Beverage group rips 'ludicrous' call from NTSB for lowered blood alcohol limit

Beverage companies are pushing back on the National Transportation Safety Board's (NTSB) call for lowering the blood alcohol limit for drivers.

The NTSB on Tuesday recommended lowering the legal blood alcohol limit for drivers from 0.08 percent to 0.05 percent. The guidance from the five-member board is not binding, but will be sent to state governments for consideration.

The American Beverage Institute panned the recommendation, calling it "ludicrous."

"Moving from 0.08 to 0.05 would criminalize perfectly responsible behavior," American Beverage Institute Managing Director Sarah Longwell said in a statement.

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"Further restricting the moderate consumption of alcohol by responsible adults prior to driving does nothing to stop hardcore drunk drivers from getting behind the wheel. It would simply divert valuable public resources that should be used to pursue the most dangerous offenders and instead use them to target drivers engaging in perfectly safe behavior."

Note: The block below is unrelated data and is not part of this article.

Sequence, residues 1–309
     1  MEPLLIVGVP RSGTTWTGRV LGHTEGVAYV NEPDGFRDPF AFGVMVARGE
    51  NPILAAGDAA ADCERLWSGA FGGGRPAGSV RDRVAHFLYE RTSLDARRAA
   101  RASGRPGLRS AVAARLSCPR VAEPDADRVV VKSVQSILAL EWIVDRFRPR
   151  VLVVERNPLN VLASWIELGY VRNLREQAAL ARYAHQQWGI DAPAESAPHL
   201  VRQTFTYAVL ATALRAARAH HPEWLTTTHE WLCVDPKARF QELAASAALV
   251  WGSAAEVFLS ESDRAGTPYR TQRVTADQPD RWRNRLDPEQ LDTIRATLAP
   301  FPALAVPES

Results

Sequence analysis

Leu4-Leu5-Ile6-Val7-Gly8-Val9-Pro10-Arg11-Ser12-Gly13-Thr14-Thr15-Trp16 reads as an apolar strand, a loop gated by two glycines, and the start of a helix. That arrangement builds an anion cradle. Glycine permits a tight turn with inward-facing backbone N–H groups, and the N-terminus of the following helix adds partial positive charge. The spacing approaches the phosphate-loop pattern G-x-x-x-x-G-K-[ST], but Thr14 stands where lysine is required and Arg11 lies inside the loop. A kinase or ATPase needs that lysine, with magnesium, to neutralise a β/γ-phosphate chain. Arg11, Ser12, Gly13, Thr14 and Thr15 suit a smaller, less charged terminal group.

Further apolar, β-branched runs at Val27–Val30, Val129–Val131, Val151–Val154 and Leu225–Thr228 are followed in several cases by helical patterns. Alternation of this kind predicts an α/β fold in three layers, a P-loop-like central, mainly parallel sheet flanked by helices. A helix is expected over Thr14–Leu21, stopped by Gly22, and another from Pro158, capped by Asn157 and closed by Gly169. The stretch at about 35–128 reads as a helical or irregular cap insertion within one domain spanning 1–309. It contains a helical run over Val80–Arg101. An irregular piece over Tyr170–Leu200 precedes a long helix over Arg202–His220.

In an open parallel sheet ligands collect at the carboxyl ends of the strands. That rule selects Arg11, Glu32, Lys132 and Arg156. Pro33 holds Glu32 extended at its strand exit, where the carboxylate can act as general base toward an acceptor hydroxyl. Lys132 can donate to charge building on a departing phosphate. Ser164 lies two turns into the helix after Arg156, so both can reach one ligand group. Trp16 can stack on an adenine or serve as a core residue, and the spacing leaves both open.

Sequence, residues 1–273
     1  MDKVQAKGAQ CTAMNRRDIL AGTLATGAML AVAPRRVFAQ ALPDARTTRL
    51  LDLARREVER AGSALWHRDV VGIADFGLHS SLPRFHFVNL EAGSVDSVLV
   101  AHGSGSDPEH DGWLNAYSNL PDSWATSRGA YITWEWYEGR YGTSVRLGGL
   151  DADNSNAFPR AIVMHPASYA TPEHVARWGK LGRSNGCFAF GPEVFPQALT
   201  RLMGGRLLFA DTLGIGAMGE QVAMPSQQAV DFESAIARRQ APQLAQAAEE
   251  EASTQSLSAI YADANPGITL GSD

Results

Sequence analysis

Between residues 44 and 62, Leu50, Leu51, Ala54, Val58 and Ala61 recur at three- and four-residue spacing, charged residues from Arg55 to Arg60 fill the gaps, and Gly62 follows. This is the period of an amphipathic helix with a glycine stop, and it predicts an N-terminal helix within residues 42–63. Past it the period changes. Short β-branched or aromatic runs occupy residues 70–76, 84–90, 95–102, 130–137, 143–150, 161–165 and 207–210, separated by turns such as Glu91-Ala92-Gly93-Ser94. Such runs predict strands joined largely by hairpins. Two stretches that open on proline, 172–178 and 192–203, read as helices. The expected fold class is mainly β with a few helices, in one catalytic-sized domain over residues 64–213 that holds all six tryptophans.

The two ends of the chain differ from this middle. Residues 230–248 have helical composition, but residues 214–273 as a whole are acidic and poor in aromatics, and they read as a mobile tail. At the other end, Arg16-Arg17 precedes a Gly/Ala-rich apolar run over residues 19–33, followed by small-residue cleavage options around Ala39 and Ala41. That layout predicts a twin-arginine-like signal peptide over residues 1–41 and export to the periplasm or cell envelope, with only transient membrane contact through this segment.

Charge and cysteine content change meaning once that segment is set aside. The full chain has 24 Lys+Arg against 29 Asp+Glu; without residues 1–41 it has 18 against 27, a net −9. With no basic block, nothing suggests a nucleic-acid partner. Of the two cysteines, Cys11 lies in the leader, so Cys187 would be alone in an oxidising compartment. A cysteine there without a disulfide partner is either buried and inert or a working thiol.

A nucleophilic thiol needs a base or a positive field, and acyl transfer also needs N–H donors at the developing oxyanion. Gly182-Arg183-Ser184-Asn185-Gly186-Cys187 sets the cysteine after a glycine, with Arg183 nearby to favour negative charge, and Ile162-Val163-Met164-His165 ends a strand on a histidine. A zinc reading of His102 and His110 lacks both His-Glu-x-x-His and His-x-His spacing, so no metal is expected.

Similarly, representatives of the Beer Institute said the NTSB's focus is misplaced.

Joe McClain, the president of the Beer Institute, told CNN the NTSB should "encourage policymakers to direct their efforts where we know we can get results: by focusing on repeat offenders and increasing penalties on those with BAC of (0.15) or more."

A spokesman for Mothers Against Drunk Driving (MADD), which previously pushed to lower the limit from 0.10 percent to 0.08 percent, said the organization was "neutral" on the board's recommendation.

"We're not opposed to what the NTSB proposed," MADD senior vice president J.T. Griffin said according to The Denver Post.

MADD is focused instead on getting states to adopt laws that require some convicted offenders to use devices that check blood alcohol content before starting a vehicle's ignition.

"We are kind of neutral. We feel that our campaign has the potential to save the most amount of lives," Griffin said.

The use of breath-testing systems for repeat drunken driving offenders was one of 19 recommendations unanimously endorsed by the NTSB.

If states instituted the 0.05 blood alcohol content (BAC) standard, it would bring the U.S. in line with many nations, including Europe and Australia, though some countries have even lower limits.

Blood alcohol level depends on a person’s weight and the speed at which drinks are consumed. A 200 pound man, for example, would be just under the 0.05 limit after drinking three beers in an hour, according to a calculator from the insurance provider Progressive.

"The research clearly shows that drivers with a BAC above 0.05 are impaired and at a significantly greater risk of being involved in a crash where someone is killed or injured,” said the board's chairwoman, Deborah Hersman, in a statement on Tuesday.